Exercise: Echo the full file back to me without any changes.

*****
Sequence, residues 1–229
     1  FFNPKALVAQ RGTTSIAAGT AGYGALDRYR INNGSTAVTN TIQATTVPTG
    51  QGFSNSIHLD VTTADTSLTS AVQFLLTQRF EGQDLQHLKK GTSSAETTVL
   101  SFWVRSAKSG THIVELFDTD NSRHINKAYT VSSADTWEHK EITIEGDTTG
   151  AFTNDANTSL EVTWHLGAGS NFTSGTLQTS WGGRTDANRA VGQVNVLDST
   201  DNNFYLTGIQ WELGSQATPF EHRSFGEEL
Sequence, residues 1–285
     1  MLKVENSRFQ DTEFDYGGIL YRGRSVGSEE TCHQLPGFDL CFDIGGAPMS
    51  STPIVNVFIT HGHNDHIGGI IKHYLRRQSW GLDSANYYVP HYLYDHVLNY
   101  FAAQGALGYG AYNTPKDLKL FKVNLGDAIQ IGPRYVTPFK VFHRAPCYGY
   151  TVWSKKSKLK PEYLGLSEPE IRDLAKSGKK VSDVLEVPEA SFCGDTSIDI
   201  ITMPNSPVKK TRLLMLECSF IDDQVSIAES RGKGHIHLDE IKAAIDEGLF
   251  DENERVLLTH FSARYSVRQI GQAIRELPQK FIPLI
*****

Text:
Sequence, residues 1–229
     1  FFNPKALVAQ RGTTSIAAGT AGYGALDRYR INNGSTAVTN TIQATTVPTG
    51  QGFSNSIHLD VTTADTSLTS AVQFLLTQRF EGQDLQHLKK GTSSAETTVL
   101  SFWVRSAKSG THIVELFDTD NSRHINKAYT VSSADTWEHK EITIEGDTTG
   151  AFTNDANTSL EVTWHLGAGS NFTSGTLQTS WGGRTDANRA VGQVNVLDST
   201  DNNFYLTGIQ WELGSQATPF EHRSFGEEL
Sequence, residues 1–285
     1  MLKVENSRFQ DTEFDYGGIL YRGRSVGSEE TCHQLPGFDL CFDIGGAPMS
    51  STPIVNVFIT HGHNDHIGGI IKHYLRRQSW GLDSANYYVP HYLYDHVLNY
   101  FAAQGALGYG AYNTPKDLKL FKVNLGDAIQ IGPRYVTPFK VFHRAPCYGY
   151  TVWSKKSKLK PEYLGLSEPE IRDLAKSGKK VSDVLEVPEA SFCGDTSIDI
   201  ITMPNSPVKK TRLLMLECSF IDDQVSIAES RGKGHIHLDE IKAAIDEGLF
   251  DENERVLLTH FSARYSVRQI GQAIRELPQK FIPLI